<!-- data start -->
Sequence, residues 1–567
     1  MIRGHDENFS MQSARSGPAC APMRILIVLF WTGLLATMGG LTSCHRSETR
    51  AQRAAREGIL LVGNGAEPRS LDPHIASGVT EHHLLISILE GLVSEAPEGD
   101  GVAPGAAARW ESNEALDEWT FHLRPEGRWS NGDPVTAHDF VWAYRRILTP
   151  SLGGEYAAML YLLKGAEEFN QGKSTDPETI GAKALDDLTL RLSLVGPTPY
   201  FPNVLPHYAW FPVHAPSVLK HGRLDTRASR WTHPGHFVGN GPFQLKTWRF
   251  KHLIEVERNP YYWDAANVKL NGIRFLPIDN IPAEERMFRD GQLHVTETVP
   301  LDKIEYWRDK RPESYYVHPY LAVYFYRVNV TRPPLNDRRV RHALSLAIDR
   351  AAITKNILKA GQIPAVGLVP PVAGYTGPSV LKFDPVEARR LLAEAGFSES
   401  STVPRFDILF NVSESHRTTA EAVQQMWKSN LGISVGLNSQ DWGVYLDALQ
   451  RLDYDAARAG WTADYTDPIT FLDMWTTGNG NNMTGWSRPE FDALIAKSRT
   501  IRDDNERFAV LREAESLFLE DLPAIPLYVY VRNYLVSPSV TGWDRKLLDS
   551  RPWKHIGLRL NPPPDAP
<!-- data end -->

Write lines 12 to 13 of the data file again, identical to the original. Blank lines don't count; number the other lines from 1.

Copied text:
   501  IRDDNERFAV LREAESLFLE DLPAIPLYVY VRNYLVSPSV TGWDRKLLDS
   551  RPWKHIGLRL NPPPDAP